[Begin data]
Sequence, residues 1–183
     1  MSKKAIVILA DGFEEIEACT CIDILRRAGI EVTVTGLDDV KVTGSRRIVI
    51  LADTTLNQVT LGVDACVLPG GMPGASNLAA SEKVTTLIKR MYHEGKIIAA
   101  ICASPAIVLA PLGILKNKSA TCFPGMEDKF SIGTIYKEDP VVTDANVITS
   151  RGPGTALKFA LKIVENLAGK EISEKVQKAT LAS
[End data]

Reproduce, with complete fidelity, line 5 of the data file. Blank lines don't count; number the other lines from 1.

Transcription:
   151  RGPGTALKFA LKIVENLAGK EISEKVQKAT LAS